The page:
Sponsoring foreign workers during the Covid-19 pandemic

Many businesses and offices have now been closed and emptied for 10 weeks. Harry Sanders writes for the Immigration Advice Service about the current governmental advice for Tier 2 and Tier 5 sponsors

As summer draws ever closer, the UK – and indeed the rest of the world – enters another month of restrictive measures aimed at reducing the spread of Covid-19. For nearly three months, businesses and offices have struggled to cope with the vast array of complications caused by the pandemic, from the implementation of furlough schemes to regrettable redundancies. For some, their doors have even been closed permanently; unable to function with the loss of client-base their business has faced as a result.

While the latest government statements, which lay out plans for a phased easing of lockdown restrictions in England, seem to indicate that we are –slowly -- on our way back to normality, the journey there is not as clear-cut as many would have hoped, and business owners and directors are still looking for answers on what the future holds.

One of the most difficult areas to reconcile with pandemic restrictions has been recruitment. Not only have matters been made complex by logistical issues, like an inability to conduct face-to-face interviews, but the uncertainty of the situation many businesses are facing has meant that employers can no longer gage what talent they need, nor can they afford to make new hires in many cases. What’s more,  job applications have also plummeted, as the precariousness of the economy and people’s personal situations has meant that fewer people are applying for new roles while lockdown measures are still in place.  

For UK workers and recruiters this situation is certainly frustrating. However, international workers and those who normally recruit them, have several extra hurdles to jump. Many are finding it particularly difficult to navigate the travel restrictions and new legislation regarding Work Visas, for example. At present, the government’s advice for Tier 2 and 5 UK sponsors is relatively understanding of the current crisis: coronavirus-related absences and changes to work patterns (such as illnesses or caring for an ill family member, or scenarios in which roles are no longer able to function in the same way remotely) will not be perceived as in-breach of visa guidelines. This marks a change from usual sponsorship duties, which state that all UK sponsors must consistently ensure that all visa-holding employees are adhering to their roles as outlined on their Certificate of Sponsorship. To do this, sponsors are usually expected to keep records of all absences and changes using the Sponsor-Management-System (SMS). It is important to note that, while the UKVI will not penalise any sponsors or their employees for coronavirus-related absences, role changes,  or work-pattern changes, this rule still applies. In practice, this means that employers must continue to (either themselves or through an elected person) update the SMS accordingly.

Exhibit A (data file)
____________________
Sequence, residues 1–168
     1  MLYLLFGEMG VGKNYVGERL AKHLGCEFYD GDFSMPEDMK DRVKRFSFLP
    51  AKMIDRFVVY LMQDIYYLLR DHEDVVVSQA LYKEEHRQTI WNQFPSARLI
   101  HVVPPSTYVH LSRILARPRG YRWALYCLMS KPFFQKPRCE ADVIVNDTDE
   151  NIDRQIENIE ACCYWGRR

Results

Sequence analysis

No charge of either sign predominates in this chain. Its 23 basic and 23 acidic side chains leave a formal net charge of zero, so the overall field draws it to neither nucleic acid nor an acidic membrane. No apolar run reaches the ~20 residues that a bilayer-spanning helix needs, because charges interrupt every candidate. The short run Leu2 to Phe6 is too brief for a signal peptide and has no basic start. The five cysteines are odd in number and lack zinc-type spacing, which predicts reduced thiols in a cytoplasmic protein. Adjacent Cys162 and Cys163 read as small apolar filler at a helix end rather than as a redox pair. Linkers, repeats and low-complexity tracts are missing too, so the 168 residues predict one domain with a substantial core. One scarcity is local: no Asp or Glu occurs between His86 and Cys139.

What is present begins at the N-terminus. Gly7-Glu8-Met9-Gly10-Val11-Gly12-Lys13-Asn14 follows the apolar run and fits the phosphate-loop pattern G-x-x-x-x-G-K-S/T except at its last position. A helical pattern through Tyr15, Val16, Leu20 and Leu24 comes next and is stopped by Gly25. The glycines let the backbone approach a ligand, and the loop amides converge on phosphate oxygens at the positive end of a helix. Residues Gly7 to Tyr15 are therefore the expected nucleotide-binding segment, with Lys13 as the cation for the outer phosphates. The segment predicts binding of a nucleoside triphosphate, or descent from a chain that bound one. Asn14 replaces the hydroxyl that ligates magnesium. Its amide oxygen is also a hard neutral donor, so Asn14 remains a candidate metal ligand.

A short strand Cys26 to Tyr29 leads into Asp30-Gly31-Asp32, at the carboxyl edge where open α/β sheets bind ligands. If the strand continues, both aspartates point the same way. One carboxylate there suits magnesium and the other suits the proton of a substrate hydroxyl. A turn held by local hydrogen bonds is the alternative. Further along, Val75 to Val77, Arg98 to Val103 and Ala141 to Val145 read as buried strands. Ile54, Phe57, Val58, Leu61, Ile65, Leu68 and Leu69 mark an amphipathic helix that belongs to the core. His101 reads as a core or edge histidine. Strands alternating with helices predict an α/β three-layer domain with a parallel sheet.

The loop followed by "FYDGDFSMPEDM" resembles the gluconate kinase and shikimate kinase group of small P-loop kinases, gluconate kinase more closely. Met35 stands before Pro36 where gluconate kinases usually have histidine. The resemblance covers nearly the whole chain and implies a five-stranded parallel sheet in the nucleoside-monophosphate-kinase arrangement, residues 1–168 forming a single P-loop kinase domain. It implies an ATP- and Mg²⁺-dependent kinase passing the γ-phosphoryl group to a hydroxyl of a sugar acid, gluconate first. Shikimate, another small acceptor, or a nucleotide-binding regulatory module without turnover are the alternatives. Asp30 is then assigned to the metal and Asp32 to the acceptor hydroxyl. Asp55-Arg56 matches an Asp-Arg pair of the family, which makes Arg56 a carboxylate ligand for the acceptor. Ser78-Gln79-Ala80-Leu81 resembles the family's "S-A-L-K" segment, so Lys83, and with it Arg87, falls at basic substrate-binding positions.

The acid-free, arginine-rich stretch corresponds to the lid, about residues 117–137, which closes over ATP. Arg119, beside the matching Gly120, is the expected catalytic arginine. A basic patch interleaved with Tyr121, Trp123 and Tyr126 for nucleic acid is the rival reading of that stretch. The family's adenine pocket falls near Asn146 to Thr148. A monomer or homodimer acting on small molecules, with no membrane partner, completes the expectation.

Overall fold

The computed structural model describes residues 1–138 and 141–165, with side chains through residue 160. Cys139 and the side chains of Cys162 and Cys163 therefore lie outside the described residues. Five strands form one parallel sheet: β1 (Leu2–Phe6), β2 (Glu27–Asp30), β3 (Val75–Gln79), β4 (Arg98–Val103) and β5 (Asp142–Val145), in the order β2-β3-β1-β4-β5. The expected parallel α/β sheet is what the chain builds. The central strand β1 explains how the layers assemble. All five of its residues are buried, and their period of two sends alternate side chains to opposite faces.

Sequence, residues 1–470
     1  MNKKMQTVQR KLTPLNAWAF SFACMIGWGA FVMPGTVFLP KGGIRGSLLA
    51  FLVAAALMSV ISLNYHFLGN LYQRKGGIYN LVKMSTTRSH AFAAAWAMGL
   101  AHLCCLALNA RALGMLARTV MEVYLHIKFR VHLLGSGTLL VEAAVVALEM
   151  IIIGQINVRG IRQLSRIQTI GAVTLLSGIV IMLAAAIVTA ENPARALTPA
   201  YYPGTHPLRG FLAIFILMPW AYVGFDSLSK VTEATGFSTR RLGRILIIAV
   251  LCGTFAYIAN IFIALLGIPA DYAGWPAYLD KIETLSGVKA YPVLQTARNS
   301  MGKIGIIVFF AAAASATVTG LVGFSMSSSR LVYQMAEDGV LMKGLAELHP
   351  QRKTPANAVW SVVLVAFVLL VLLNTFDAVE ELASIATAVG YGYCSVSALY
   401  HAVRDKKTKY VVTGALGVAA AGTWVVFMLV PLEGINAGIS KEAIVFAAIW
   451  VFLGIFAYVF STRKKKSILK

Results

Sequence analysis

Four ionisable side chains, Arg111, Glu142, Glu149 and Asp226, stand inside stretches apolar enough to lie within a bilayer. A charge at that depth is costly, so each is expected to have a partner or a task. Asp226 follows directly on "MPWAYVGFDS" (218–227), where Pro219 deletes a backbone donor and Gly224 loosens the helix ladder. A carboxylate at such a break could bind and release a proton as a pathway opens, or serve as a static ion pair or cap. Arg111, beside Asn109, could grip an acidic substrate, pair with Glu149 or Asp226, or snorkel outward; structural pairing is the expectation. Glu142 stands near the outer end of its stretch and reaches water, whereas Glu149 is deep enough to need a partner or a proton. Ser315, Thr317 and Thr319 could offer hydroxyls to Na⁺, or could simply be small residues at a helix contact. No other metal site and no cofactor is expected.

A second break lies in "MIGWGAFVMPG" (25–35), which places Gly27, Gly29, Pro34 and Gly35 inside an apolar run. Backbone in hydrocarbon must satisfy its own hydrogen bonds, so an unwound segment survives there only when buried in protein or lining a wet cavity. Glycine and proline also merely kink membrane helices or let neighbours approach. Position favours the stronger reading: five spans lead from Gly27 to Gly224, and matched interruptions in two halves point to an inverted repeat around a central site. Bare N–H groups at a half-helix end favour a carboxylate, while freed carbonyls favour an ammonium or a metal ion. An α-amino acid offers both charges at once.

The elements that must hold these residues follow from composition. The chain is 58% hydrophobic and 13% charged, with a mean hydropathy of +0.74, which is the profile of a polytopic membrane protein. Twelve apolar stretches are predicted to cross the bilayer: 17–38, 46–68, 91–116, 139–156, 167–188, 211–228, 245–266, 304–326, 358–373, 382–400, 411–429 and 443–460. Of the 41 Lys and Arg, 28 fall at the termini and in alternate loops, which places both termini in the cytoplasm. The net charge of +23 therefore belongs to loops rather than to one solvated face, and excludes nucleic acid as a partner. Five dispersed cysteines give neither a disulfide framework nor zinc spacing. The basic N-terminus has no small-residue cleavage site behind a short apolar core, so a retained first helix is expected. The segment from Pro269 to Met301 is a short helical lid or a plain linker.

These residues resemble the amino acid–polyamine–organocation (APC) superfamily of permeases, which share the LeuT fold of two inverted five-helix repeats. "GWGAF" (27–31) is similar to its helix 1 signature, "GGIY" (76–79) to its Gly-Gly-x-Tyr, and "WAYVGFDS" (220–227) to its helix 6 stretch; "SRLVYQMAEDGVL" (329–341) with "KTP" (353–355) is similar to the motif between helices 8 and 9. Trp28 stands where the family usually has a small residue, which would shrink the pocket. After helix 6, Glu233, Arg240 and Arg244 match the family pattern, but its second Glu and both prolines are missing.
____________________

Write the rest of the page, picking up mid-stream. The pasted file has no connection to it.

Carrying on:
Visa applications are still being accepted (with allowances for alterations in start dates due to the disruption), and employees’ pay is able to be reduced to 80 per cent of their salary (or to £2,500pm, whichever is lower) mirroring the furlough scheme in place for UK workers. Moreover, protections have been put in place to avoid kicking workers out of the country in the midst of the current global travel restrictions, and so those whose leave expired after 24 January have been granted visa extensions up to 31 July. This date is to be regularly reviewed. This is a free extension, but it is not automatic. As such, sponsors are encouraged to support their employees to contact the UKVI’s coronavirus help team requesting an extension on their visa, if they are eligible. In this contact, employees should give their CoS number as well as the reason(s) why coronavirus-related policies have stopped them from being able to return in time for their visa deadline. Once granted, they will be able to stay in the UK without being considered in breach of immigration law until the set date.